11. Sean

    I’m not sure if I’d call what is going on in the US higher education system deregulation but it is changing the universities adversely for students and faculty members. The universities have become huge organizations working hard to bring students in but not quite as hard to get them to finish in a timely fashion. It often takes 6 years for students to get a four year degree leaving students with greater debt and wasted time. Many schools pay a lot of money for high profile marquee professors but then staff the classroom with adjunct professors trying to break into the system. 30 years ago more than 2/3 of the faculty was tenured or tenure track, now it’s 1/3. Imagine sitting in a classroom with 20 students, each paying $30K a year to be taught by an adjunct being paid $3k per course per semester. If those students take 4 classes each, they get $12k of instruction for a combined cost of $600k. Meanwhile, the administration is bigger than ever and university presidents are pulling 7 figure salaries. The American university system is system is now much more about beaurocracy and administration than it is about education. I hope you can avoid that trap down under.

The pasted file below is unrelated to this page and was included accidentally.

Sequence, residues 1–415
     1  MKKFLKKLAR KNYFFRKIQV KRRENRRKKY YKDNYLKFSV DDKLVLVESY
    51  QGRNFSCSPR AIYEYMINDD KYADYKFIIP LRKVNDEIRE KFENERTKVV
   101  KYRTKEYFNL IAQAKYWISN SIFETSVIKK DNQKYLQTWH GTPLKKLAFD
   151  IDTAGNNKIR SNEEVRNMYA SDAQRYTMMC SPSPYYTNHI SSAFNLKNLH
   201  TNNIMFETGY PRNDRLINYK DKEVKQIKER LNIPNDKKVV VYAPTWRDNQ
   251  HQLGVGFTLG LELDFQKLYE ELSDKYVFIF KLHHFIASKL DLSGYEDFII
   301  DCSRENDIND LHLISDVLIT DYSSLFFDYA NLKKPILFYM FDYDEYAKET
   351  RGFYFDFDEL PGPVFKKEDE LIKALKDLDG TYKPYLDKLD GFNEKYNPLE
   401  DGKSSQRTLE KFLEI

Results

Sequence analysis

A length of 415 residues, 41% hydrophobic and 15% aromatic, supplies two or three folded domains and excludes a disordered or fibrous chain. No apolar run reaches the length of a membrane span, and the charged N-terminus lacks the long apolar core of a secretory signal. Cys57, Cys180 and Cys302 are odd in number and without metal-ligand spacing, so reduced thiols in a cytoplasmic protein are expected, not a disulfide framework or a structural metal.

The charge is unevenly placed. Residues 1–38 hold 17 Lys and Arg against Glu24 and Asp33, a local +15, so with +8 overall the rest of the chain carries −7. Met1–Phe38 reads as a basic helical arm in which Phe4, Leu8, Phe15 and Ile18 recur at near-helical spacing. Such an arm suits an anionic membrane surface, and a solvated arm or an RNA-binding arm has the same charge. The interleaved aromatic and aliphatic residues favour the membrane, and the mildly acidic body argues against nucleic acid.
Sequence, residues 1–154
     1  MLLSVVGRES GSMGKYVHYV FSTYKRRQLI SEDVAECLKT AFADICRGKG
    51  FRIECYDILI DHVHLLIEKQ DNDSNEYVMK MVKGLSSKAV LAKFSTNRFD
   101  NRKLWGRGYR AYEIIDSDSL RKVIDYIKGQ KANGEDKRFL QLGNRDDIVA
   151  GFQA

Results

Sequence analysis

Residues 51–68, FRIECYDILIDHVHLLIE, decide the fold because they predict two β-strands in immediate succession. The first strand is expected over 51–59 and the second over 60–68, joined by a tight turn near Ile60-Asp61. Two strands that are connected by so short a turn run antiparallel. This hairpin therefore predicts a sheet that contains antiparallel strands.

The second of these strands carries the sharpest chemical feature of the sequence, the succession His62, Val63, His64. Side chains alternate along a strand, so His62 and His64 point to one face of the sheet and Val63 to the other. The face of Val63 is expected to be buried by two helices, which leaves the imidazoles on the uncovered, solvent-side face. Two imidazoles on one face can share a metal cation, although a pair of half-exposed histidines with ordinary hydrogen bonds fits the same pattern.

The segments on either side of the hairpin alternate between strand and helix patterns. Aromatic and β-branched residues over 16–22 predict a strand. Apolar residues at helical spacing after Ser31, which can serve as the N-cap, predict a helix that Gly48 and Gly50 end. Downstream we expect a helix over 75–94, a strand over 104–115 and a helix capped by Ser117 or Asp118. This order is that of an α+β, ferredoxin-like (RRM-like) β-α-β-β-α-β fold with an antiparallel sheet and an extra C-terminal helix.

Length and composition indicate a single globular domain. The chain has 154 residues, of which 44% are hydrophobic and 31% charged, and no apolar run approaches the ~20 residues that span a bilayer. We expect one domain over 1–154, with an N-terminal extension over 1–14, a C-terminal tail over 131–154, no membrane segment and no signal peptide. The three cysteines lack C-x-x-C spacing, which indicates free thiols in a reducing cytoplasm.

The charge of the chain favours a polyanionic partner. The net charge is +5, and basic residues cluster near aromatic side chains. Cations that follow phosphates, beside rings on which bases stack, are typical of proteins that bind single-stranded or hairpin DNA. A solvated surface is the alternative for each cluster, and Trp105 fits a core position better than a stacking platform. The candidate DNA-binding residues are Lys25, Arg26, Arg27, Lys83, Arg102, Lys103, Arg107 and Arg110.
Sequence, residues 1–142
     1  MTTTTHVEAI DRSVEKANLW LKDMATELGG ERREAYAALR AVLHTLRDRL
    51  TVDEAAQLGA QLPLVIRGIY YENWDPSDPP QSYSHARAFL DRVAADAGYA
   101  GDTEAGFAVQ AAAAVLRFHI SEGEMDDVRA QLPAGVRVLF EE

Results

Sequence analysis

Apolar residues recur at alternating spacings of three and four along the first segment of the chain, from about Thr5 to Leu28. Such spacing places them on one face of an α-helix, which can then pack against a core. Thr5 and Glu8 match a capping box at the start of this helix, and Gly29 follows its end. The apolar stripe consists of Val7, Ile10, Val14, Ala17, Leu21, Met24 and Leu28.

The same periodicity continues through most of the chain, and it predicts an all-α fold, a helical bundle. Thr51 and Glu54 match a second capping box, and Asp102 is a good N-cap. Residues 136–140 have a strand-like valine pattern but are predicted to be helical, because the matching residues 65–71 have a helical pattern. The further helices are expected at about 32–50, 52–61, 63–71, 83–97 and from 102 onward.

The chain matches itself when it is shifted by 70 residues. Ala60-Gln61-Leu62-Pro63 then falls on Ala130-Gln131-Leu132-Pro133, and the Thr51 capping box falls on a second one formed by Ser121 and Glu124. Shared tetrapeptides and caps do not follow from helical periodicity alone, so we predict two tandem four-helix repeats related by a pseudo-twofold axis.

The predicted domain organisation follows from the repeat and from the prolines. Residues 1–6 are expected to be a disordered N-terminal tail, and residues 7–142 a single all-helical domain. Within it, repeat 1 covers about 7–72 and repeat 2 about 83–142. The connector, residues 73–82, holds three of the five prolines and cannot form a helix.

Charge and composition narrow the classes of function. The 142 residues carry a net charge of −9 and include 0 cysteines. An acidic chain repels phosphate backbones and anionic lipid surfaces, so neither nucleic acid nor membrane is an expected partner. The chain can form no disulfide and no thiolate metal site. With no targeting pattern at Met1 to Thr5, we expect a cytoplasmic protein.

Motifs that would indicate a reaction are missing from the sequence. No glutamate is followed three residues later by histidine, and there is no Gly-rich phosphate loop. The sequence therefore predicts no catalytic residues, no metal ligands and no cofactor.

12. kae

    UQ to Sell Ipswich Campus

    A memorandum of understanding has been signed with USQ for them to take over the Ipswich Campus.

    Sad thing is that UQ seems to think that marketing to private schools will bring in more students than trying to market to public high schools and offering courses at the remote campuses that locals, particularly Ipswich and surrounds locals, will be interested in. Apparently they all moved back to the St Lucia campus.

  13. Streetcred

    UQ would be better advised to correct their ethics … before seeking to take over the world.

  14. kae


    Tip of the iceberg.

  15. James Hargrave

    Ethics and universities – please. Most of them think Ethics is a county outside London. And as to being able to manage. Parkville (a no-smoking campus until someone burns it to the ground) spent millions on Booz the management consultants, despite being infested with locust-like plagues of managers (don’t count them, weight them). It would have received better suggestions had it spent the money on booze and plied it staff and students with it.